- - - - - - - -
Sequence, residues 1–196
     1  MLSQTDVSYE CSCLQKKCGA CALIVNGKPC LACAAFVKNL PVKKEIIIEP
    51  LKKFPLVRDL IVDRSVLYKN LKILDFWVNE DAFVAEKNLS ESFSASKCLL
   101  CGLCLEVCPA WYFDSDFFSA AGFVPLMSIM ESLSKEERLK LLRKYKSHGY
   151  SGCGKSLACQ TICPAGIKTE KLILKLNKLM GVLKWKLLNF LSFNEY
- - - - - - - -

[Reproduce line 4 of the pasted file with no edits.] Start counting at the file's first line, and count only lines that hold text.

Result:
   101  CGLCLEVCPA WYFDSDFFSA AGFVPLMSIM ESLSKEERLK LLRKYKSHGY